It wasn’t until the spring of 2004 that I had any new problems. I had just finished working one night, I think I had something to eat, and the stinging started, complete with all the other normal symptoms: the swollen vein, painful swallowing, a kind of achy pressure through the soft tissue under my jaw. Except this time it did not go away. Ten minutes went by, thirty minutes, an hour. It was getting a little old. By this time I was hanging out with some friends at their house, and I mentioned to them what was going on and how it was pretty painful. I kept checking in a mirror to see what the issue was. It wasn’t until checking several times that I noticed a small, white speck at the end of that vein. I looked as close as I could and decided to to what any other sensible 24-year-old bachelor would; I picked at it. Well, one flick, and whatever that white speck was disappeared and saliva shot out of that “vein” like it was a miniature, biological Super-Soaker. I’m willing to bet I would have gotten a good six to seven inches of distance if the mirror hadn’t been in the way. Well, the pain and pressure stopped, and I was completely fascinated. What I concluded was that somehow I had gotten a small food particle stuck in one of my saliva ducts, which blocked the flow of saliva, causing the swelling of the duct, painful swallowing, a stinging sensation, etc. Every time after that when this happened, I found myself excited rather than distressed, since I knew how to fix it. I found it fun. I would run to a mirror if I could get to one to watch the spit-fountain happen again (and it was happening once every week to three weeks at this point). It usually happened after I’d eat, though not always, so I concluded that I must have a weird opening at that saliva duct that’s just a little too big and allows small food particles to get stuck in it often. It was always, always, always on the right side of my mouth. Sometimes I’d have to pick at it to get it to “open up,” sometimes just stretching my tongue out in my mouth would put enough pressure on the blockage to free it, and other times it’d just quickly go away on its own like it had years before. This continued for nearly three years.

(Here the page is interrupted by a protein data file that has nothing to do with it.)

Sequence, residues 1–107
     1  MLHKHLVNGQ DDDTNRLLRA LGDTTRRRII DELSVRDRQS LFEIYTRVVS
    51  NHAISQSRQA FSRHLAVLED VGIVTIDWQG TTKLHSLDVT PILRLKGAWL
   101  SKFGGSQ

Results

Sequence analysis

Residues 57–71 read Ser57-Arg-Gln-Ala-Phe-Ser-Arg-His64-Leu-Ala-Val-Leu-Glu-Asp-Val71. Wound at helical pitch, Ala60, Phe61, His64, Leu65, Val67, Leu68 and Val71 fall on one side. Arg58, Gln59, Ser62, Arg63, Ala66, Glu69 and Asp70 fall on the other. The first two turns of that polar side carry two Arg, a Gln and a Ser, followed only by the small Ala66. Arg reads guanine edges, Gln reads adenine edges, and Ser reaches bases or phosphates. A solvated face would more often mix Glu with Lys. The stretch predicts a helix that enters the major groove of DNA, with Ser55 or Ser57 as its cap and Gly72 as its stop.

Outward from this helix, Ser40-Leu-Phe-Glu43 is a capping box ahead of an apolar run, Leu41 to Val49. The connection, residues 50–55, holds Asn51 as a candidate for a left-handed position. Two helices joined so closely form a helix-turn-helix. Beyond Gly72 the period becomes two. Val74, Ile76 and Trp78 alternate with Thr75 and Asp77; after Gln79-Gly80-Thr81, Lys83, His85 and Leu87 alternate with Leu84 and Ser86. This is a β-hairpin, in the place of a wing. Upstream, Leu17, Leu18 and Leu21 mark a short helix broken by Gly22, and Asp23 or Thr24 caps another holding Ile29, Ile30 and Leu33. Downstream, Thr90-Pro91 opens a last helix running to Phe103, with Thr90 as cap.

January 2007, I went to eat a late Sunday-night dinner with my didn’t-yet-know-he-would-be-my-roommate, Ben Cole. As we finished eating, the stinging began, and like nearly 3 years prior, it wasn’t going away. I tried to pick at it a little to free whatever food was blocking it, but it wasn’t happening this time. We ended up driving to the CLAM (now D’CLAM) to hang out with some people, and I couldn’t relax because my mouth was hurting me so bad. I kept going to the bathroom to try to get whatever-it-was out, but with no success. I decided to take extreme measures, and took the open end of a sewing needle, sterilized it, and used this tool to try to dig this object out, but it seemed to be slightly bigger than the opening. So how did it get in there? I worked on it on and off for about an hour to an hour and a half, and finally got it to where I was able to pick it out with my fingernail, and my mouth had never felt more relieved. This was the first time that I actually still had the blocking object after freeing it . . . and it wasn’t food. It was a small, white, rock-hard something. I examined it for a long time that night, much to the disgust of my friends, until it fell of my finger and was lost in the endless forest of carpet (you’re welcome, girls).